The market for labor management system (LMS) software could be in for a boost from consumer-driven technologies such as mobile devices and cloud computing. While many larger warehouses use LMS to track, manage and optimize labor, the software is sometimes perceived as too costly to deploy for smaller operations or as more of a niche solution for larger operations willing to expend the effort necessary to analyze labor trends against engineered standards.
But thanks to technologies such as mobile devices and cloud computing, LMS solutions are shaping up as solutions that are easier to deploy and ones that deliver more tactical-level punch to warehouse supervisors and associates.
LMS solutions are used to track and manage workforce productivity and utilization in a warehouse. For example, they look at how long it takes to build a kit or how many picks per hour are typical for a given zone or product type. Some LMS solutions incorporate engineered standards studies, but LMS may also draw labor-related data from a warehouse management system (WMS).
LMS has been adopted by far fewer organizations than WMS. According to Modern Materials Handling’s 2013 Software Survey, WMS adoption stood at 57% among respondents, while LMS was at 24%. Of course, WMS is seen as vital to executing activities in a warehouse, whereas in the past, LMS had a reputation of being more a backward-looking system used to fine-tune labor performance.
Some observers in the supply chain execution (SCE) software community say that technologies such as smart phone and tablets, as well as cloud delivery, could be just what LMS needs to make further inroads by making it more impactful and easy to deploy. “I think labor management, like a lot of other supply chain management applications, is tracking toward cloud-based solutions,” says Steve Simmerman, senior vice president with TZA. “The cloud allows us to scale our solution from traditional upper-tier customers down to the small- to medium-sized businesses.”
Easier entry point
Cloud solutions deliver software functionality as a service over the Internet so that the user company doesn’t have to install servers. This lowers the bar for entry, which can be important for smaller companies or for multi-site rollouts, says Simmerman—though to some extent, it comes down to a company’s approach to information technology (IT). “Some companies are aggressive at adopting cloud-based solutions,” Simmerman says. “But we still see other companies struggling with it—they are still dipping their toes in the water. So it really comes down to a customer preference for how they want to manage their IT.”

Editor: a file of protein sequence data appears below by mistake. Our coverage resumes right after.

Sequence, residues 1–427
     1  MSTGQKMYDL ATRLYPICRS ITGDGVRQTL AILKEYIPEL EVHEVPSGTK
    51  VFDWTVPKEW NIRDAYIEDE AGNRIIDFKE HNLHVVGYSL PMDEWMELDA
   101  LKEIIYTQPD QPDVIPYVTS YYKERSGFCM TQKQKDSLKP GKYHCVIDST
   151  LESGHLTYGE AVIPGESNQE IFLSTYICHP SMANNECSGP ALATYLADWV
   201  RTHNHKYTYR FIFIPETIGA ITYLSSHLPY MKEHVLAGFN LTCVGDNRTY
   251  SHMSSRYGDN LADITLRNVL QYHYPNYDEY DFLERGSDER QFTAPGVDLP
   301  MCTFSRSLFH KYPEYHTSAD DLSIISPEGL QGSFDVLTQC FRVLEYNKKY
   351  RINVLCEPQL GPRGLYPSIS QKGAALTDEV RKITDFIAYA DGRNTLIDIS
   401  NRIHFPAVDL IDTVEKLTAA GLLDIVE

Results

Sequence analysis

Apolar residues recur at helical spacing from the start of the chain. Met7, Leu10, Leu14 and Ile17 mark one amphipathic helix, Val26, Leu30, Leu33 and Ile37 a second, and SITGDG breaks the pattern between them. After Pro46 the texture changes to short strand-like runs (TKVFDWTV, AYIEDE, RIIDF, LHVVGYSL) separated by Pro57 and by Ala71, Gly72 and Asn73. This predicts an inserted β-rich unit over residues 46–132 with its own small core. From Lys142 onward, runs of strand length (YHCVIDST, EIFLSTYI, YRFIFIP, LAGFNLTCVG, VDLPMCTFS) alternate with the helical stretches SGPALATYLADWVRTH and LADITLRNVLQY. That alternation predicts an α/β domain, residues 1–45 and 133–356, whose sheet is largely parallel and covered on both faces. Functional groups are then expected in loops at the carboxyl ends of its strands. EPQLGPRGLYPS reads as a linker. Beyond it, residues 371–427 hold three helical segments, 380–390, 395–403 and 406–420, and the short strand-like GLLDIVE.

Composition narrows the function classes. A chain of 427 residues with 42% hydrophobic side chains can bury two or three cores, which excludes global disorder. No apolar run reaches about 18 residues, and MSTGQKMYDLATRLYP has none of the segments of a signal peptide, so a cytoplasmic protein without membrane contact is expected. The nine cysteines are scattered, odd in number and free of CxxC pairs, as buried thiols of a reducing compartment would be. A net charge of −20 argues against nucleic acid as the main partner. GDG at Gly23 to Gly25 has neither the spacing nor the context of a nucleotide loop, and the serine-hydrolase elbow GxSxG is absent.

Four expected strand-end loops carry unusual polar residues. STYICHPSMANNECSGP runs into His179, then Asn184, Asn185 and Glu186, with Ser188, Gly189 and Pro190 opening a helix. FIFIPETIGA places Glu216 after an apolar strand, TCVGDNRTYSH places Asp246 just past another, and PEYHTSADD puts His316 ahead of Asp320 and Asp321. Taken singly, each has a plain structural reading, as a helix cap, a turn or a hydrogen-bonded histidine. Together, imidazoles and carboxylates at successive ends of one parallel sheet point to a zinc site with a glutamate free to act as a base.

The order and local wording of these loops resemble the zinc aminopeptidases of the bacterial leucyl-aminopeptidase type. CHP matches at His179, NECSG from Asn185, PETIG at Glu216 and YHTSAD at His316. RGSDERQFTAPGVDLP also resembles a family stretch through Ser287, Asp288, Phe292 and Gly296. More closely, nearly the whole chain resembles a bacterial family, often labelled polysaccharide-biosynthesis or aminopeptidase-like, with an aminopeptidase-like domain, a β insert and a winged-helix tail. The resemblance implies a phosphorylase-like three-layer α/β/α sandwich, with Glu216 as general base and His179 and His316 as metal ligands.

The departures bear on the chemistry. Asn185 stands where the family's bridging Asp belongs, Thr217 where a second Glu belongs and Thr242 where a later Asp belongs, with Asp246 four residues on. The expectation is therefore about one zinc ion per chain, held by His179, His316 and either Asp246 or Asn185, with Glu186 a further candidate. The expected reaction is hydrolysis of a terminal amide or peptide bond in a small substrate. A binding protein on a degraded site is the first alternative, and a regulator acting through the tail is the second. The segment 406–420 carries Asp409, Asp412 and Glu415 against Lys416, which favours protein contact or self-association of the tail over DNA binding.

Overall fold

Currently, says Simmerman, roughly 25% of TZA’s LMS deals are going cloud-based, but in nearly every customer engagement, the cloud is being seriously assessed as an option.
Other suppliers also report interest in cloud-based LMS. Chuck Fuerst, director of product strategy for HighJump Software, says he sees cloud-based LMS increasing in popularity.
For one thing, says Fuerst, cloud-based solutions are now widely adopted and proven for other software systems such as customer relationship management. Another important factor is that cloud solutions are well suited to subscription pricing, which makes it easier for companies to get into a solution. “For smaller businesses, it removes some of those upfront costs, and can mean more predictability in terms of their expenses, while still giving access to the same technology that previously tended to be preserved only for larger companies,” he says.